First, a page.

Instead of one long visit, he would make two shorter visits.
(2) Plan C turned out to be a quick and painful visit to Corinth before traveling to Ephesus.
Apparently the issues that he addresses in this letter of 1 Corinthians were not resolved, so Paul wrote a stern letter or sorrowful letter to the church (one that comes between First and Second Corinthians).
Titus delivered that stern letter and while Paul was in Troas, had no rest in his spirit wondering how they had received the letter and how they received Titus.
Let’s read 2 Corinthians 2:12-13, Now then I came to Troas for the gospel of Christ and when a door was opened for me in the Lord. I had no rest in my spirit not finding Titus my brother; but taking my leave of them, I went on to Macedonia. So, Paul went on to Troas to wait for Titus, and then he went on to visit Macedonia and eventually moved on to Judea.
Before we leave these verses, “Why did Paul go to Troas?” He went there because of the gospel of Christ, because God opened a door of opportunity for service and evangelism.
So, what are the lessons we can get from all of this?
How about this when we are discerning direction in our lives?
When was the last time that you sensed God’s direction so strongly that you changed your plans? You have this agenda, only so much time in a day, you’re a busy person, you have your schedule all planned out, you have your major all selected, your course charted, your business is already established… then you encounter the living God in such dramatic fashion that your plans change. You retire early to make plans for the mission field, or you change your major to something that has a greater impact on the kingdom of God, or you rearrange your crazy schedule to intentionally spend more time with lost people rather than just showing up at church every time the doors are open.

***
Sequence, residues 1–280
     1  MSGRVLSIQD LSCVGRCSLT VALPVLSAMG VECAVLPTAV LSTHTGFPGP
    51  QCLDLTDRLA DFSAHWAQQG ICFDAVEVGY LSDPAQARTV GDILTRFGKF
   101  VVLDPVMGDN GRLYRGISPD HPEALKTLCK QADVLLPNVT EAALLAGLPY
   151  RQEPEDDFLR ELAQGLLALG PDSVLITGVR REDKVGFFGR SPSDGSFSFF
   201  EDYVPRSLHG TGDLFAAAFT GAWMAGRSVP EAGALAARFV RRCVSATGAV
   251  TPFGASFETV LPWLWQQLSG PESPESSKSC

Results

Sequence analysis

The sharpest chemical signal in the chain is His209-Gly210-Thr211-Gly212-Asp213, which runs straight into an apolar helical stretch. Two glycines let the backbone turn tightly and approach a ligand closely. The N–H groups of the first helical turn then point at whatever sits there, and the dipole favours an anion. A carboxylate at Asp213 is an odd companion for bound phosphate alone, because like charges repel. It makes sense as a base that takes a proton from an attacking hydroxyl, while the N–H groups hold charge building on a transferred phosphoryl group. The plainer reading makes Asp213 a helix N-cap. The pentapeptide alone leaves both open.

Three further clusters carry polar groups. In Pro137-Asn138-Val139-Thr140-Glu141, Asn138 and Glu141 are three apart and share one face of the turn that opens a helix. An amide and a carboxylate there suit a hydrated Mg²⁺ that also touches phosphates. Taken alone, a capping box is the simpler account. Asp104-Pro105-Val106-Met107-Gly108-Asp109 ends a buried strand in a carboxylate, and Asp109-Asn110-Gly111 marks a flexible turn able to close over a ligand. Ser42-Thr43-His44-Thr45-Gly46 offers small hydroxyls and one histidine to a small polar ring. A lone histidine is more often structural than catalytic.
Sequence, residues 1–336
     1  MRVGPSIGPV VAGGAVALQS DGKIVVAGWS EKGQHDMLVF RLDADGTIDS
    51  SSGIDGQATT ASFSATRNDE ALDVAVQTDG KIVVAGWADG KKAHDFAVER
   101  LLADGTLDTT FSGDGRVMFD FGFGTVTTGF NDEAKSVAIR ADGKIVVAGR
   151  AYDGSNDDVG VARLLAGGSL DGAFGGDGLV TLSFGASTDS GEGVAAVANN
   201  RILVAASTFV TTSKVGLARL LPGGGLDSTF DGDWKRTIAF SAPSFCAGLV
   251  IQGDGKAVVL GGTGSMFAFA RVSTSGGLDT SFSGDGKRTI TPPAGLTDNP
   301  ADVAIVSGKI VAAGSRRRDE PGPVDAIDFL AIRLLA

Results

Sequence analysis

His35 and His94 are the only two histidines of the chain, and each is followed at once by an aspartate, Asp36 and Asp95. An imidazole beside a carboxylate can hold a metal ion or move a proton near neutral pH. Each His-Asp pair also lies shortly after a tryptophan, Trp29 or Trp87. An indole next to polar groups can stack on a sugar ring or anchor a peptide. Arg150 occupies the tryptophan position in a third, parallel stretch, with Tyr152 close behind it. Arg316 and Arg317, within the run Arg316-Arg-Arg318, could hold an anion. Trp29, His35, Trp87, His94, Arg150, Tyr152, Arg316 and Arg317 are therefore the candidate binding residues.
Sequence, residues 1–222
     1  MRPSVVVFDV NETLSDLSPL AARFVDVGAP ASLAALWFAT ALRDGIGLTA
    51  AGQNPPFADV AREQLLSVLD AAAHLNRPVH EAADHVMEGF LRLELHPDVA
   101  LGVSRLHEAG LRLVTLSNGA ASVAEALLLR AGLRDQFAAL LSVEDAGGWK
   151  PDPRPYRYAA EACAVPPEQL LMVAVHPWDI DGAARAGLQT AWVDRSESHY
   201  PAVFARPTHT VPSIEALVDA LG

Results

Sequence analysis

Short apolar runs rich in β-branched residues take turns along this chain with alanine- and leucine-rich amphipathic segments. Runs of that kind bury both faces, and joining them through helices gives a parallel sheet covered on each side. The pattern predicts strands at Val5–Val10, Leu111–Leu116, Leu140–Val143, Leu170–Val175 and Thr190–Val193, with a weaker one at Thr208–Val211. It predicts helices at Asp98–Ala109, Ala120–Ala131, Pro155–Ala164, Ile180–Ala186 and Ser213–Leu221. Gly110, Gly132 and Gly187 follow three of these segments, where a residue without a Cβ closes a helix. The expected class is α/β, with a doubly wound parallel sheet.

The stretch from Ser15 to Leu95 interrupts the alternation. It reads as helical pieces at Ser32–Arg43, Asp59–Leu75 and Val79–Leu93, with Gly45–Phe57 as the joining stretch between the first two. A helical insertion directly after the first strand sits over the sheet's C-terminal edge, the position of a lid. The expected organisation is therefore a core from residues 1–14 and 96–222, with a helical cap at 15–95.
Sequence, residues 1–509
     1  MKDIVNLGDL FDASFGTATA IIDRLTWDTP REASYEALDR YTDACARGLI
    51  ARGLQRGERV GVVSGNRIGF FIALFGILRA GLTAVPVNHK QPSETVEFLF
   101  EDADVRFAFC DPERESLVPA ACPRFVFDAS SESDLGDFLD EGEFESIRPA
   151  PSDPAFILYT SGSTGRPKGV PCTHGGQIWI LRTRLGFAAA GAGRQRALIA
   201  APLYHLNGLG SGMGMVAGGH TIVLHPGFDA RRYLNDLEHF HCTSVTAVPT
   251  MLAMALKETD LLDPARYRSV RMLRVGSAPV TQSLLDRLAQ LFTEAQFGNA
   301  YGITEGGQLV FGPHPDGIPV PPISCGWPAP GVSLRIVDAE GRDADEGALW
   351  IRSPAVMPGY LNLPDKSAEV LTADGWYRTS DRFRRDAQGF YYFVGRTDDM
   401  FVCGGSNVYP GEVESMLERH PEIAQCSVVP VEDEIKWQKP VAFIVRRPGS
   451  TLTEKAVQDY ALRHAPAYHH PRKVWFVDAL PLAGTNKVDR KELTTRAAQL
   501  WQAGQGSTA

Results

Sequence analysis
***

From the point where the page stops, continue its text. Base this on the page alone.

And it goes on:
In decision-making or making our plans, what can we do?
Let’s use common sense, prayer, evaluation of the situation, and proper guidance when making our plans for the future. Proverbs 3:5-6 reminds us to “trust in the Lord with all your heart, and don’t lean on your own understanding, in all your ways acknowledge him and he will make your path straight.”
God gave us a mind to think, but don’t depend solely on your own reasoning. As we seek God’s direction, we must pray, study Scripture, and consult with believing friends; and then step out in faith.
It may come as a shock, but not ALL of the decisions we make are in the will of God. Sometimes we make promises that we simply cannot keep.
Does this mean that we become liars when we cannot fulfill our intended plans? The Corinthians thought Paul was not trustworthy, or was deceptive since he was not able to fulfill his promise about coming to visit them. (read 2 Corinthians 1:12-2:13 for his whole explanation).
The bottom line: If an apostle like Paul had to change his plans, it is guaranteed that our plans may often change as well.
Here are two extremes to avoid in seeking God’s Will:
- One is to be so afraid of making a mistake that we make no decisions at all. This is an indecisive person, we all know someone like this.
- The other extreme is to be so impulsive and just rush on ahead without taking the time to consult the Lord at all. We all know people like this as well.